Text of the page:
New review, published in Bird Conservation International, reveals a worrying decline in the world’s seabirds
The status of the world’s seabirds has deteriorated rapidly over recent decades and several species and many populations are now perilously close to extinction. These are the findings of a major new review published this month in Bird Conservation International.
The review—based on BirdLife International’s data and assessment for the IUCN Red List—reveals that seabirds are now more threatened than any other group of birds. Of the 346 seabird species, 97 (28%) are globally threatened and a further 10% are close to being so. Nearly half of all seabird species are known or suspected to be experiencing population declines. The albatross family is especially imperilled with 17 of the 22 species currently threatened with extinction.
Although seabirds make up just a small proportion (3.5%) of the world’s bird species, they are an important indicator of the health of the oceans. “Seabirds are a diverse group of worldwide distribution and as top predators they also provide a valuable indicator of wider marine health”, said Professor John Croxall, Chair of BirdLife’s Global Seabird Programme, and the paper’s lead author. Human activities lie behind these declines. At sea, commercial fisheries have degraded fish stocks and caused the deaths of innumerable seabirds through accidental bycatch, whilst on land the introduction of invasive species has extirpated many breeding colonies.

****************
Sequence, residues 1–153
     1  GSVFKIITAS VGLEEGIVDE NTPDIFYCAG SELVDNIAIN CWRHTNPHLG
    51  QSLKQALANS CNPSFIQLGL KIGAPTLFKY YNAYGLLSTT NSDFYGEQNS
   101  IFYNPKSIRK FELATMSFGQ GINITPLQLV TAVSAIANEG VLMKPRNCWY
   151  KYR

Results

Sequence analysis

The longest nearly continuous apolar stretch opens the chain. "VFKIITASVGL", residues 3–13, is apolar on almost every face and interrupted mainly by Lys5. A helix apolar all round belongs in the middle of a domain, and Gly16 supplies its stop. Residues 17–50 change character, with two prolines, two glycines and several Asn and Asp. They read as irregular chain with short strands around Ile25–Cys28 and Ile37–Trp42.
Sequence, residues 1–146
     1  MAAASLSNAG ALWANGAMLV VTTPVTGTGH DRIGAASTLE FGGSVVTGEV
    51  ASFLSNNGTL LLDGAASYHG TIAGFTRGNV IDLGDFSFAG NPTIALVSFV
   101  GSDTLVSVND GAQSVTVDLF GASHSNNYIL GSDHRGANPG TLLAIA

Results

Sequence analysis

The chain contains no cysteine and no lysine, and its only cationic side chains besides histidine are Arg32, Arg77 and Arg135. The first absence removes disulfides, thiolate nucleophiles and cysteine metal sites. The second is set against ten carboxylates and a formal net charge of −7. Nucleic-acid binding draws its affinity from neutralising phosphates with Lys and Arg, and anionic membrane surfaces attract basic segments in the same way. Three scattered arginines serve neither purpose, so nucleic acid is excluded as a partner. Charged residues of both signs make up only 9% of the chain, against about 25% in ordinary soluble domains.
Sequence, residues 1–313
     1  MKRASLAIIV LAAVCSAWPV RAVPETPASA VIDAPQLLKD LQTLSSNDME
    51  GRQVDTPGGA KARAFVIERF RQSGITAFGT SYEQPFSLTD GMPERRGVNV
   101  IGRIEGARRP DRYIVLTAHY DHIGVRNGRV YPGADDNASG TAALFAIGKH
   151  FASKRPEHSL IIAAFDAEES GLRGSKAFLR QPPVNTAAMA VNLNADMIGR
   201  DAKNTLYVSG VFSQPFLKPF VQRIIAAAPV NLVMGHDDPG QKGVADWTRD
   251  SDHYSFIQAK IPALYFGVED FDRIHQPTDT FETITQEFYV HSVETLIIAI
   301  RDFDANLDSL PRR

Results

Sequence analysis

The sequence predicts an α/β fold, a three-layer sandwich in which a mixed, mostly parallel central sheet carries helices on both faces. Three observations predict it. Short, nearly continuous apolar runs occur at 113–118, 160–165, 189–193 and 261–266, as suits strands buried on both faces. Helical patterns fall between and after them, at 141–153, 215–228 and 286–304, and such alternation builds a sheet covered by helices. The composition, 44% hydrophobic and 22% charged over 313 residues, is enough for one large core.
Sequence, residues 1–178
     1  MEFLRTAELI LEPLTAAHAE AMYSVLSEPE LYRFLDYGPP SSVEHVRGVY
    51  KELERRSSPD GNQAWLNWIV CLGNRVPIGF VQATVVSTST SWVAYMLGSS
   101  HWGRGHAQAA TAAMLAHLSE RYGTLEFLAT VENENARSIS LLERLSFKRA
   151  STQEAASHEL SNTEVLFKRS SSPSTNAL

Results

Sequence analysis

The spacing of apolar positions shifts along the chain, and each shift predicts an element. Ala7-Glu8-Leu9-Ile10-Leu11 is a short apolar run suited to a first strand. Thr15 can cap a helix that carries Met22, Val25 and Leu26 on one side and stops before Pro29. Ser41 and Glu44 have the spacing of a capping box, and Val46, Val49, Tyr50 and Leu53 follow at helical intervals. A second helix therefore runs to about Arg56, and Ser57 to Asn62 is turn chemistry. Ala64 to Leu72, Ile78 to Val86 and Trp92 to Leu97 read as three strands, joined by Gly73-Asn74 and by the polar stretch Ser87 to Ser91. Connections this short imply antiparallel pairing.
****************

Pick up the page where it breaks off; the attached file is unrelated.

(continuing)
There may still be time to reverse these declines and the review is clear on the actions that need to be taken. The sites where seabird congregate—both onshore breeding colonies and offshore feeding grounds must be protected. BirdLife has already identified many Important Bird Areas (IBAs) for seabirds on land and is about to publish the first inventory of marine IBAs in the high seas. It is hoped that these will help develop a global network of Marine Protected Areas and assist the implementation of new approaches to the management and protection of marine systems.
Invasive species, especially introduced rodents, must be removed from major seabird colonies. Several successful restoration projects have already taken place and BirdLife is currently collaborating with Island Conservation and the University of California, Santa Cruz to compile a list of priority sites for future eradication operations. There is also a need for more research to fill existing knowledge gaps and address emerging threats such as aquaculture, energy generation operations and climate change.